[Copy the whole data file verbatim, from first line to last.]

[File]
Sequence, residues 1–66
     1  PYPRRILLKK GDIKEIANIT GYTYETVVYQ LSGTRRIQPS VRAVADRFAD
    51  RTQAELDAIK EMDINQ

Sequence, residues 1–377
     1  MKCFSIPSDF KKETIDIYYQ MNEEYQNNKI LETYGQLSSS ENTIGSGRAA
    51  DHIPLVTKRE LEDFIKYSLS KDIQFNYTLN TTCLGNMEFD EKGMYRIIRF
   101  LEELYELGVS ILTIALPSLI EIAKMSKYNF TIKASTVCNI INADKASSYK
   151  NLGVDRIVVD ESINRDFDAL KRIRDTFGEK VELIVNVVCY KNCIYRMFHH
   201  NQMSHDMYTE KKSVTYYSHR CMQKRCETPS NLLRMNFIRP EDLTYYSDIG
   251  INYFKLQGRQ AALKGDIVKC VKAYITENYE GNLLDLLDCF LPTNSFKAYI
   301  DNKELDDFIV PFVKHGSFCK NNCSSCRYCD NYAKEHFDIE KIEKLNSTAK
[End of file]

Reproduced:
Sequence, residues 1–66
     1  PYPRRILLKK GDIKEIANIT GYTYETVVYQ LSGTRRIQPS VRAVADRFAD
    51  RTQAELDAIK EMDINQ

Sequence, residues 1–377
     1  MKCFSIPSDF KKETIDIYYQ MNEEYQNNKI LETYGQLSSS ENTIGSGRAA
    51  DHIPLVTKRE LEDFIKYSLS KDIQFNYTLN TTCLGNMEFD EKGMYRIIRF
   101  LEELYELGVS ILTIALPSLI EIAKMSKYNF TIKASTVCNI INADKASSYK
   151  NLGVDRIVVD ESINRDFDAL KRIRDTFGEK VELIVNVVCY KNCIYRMFHH
   201  NQMSHDMYTE KKSVTYYSHR CMQKRCETPS NLLRMNFIRP EDLTYYSDIG
   251  INYFKLQGRQ AALKGDIVKC VKAYITENYE GNLLDLLDCF LPTNSFKAYI
   301  DNKELDDFIV PFVKHGSFCK NNCSSCRYCD NYAKEHFDIE KIEKLNSTAK